The Red Lettuce Effect

Researchers have recently reported that adding far-red light to the lighting regimen of a greenhouse-grown lettuce crop (‘Rex’) enhanced its color and antioxidant capacity. The far-red wavelengths were added to the LED array at different photon flux densities, or photosynthetic photons per square meter (PPFD), and were found to be most beneficial for this cultivar under a PPFD of 180 umol m-2 s-1. The researchers also examined the effects of these light wavelengths on baby lettuce grown hydroponically in an indoor vertical farm and found that the light spectrum was important for foliar growth, as well as color, leaf size, and dry matter content.

The phenolic compounds that give red leaf lettuce its characteristic color are anthocyanins, which have antimicrobial, anti-fungal, and antioxidant properties. Accumulation of anthocyanins depends on several factors, including light quality, temperature, and genetic control. A study that compared the impact of various climatic variables on plant pigmentation and phenolic compounds in red lettuce concluded that cooler environmental conditions enhanced anthocyanin synthesis, and this effect was stronger in February than May.

In the field, a change in environmental conditions that enhances anthocyanin accumulation can be achieved by using high tunnel (HT) systems to protect crops from extreme weather. However, the HT covering material alters the spectral quality of light, and this can affect the production of phenolic compounds. In addition, HTs can lower the soil temperature and this affects anthocyanin synthesis.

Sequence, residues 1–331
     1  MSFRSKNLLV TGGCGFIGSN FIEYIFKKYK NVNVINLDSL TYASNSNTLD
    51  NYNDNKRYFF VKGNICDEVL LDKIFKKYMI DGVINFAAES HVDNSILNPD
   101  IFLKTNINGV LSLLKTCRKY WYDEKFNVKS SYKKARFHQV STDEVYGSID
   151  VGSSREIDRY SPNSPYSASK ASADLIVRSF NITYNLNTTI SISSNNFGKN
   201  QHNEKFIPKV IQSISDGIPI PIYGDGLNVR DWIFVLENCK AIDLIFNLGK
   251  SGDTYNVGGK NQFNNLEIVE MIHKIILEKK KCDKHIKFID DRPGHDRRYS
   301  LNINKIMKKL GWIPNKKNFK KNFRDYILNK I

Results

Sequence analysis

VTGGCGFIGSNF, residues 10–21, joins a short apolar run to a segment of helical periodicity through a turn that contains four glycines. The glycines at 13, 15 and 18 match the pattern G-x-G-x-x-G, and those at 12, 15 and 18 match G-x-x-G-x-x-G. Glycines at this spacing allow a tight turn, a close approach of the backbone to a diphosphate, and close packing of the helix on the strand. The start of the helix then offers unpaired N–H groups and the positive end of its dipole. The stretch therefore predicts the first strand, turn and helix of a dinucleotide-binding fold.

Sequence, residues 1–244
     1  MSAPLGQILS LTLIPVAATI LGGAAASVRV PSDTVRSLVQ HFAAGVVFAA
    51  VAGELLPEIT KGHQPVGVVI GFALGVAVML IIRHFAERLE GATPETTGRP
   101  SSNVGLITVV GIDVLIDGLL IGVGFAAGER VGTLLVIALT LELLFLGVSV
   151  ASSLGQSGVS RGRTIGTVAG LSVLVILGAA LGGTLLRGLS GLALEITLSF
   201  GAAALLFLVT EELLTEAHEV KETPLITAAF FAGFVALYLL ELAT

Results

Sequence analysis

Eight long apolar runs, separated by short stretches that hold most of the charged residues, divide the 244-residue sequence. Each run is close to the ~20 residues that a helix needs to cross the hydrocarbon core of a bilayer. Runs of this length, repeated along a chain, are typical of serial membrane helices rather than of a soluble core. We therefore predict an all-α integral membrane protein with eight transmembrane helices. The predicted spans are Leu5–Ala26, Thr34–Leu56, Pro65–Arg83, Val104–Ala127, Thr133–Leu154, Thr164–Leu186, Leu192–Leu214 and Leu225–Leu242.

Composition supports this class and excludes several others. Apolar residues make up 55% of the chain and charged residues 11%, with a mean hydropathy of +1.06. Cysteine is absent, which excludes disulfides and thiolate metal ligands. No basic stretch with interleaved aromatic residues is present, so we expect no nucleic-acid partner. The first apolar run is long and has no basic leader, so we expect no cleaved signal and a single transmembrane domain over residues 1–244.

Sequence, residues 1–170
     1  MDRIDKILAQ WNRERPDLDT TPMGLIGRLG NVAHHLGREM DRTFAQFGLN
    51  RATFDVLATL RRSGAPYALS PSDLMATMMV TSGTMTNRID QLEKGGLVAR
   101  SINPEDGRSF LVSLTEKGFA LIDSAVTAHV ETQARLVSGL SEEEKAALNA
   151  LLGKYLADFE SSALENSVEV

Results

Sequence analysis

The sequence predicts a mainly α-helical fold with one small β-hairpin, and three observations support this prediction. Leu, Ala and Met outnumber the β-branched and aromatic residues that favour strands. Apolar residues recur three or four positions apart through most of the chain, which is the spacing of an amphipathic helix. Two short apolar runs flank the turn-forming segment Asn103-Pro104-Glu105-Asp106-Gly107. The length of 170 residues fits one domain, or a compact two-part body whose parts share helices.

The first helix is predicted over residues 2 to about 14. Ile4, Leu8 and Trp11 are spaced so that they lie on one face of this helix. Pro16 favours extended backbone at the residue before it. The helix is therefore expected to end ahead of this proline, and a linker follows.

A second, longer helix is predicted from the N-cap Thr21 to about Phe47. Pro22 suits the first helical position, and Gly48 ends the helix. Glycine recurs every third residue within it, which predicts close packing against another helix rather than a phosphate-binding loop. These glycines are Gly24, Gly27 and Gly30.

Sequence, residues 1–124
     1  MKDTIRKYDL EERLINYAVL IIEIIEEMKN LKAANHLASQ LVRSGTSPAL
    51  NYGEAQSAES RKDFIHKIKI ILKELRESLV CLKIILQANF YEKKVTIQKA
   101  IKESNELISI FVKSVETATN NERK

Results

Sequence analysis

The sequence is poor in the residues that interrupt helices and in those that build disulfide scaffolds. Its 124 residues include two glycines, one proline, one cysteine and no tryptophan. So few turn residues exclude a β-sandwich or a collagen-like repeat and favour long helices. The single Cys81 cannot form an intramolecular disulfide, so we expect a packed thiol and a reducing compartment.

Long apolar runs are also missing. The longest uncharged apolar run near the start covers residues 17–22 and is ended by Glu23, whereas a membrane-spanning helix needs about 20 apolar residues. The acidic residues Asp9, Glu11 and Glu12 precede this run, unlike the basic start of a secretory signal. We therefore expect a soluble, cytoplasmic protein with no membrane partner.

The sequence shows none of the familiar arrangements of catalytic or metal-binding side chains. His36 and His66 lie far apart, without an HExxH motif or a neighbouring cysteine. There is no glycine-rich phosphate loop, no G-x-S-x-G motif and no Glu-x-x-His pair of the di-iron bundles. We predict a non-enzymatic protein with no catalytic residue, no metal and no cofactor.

To determine the influence of HT coverings on the color and anthocyanin content of red leaf lettuce, scientists conducted a multi-factorial experiment with six contrasting high tunnel coverings. The randomized complete block design included two replications of each covering type, and the data were statistically analyzed to reveal significant differences among attributes. Color intensity and initial crispness accounted for 73% of the variance observed between the different coverings. Lettuce grown under diffuse, standard, and clear coverings grouped together with the highest color intensity scores, while the shade group had the lowest. The other three covering types (movable, block, and standard) fell into the second cluster.

Sensory evaluations were conducted on the lettuce produced under each HT covering, and anthocyanin concentration was determined by spectrophotometer. The flavor and mouthfeel attributes water-like, initial crispness, and sweetness registered the highest intensity levels. Astringency, parsley, woody, earthy, and sweet overall flavors exhibited moderate intensity scores.

The results from this experiment provide an understanding of the interaction between PPFD and the anthocyanin content of red leaf, but not green or green/red lettuce. This information can be used to develop a better understanding of the relationship between phenolic content and growing conditions, as well as to produce improved lettuce cultivars with desirable characteristics. Moreover, it is hoped that the results can be applied to other fruit and vegetable crops as well. The results also indicate that the addition of far-red LEDs is an effective and affordable method for increasing red lettuce color under controlled conditions. This can be useful for growers looking to maximize their profitability by improving crop yield and quality.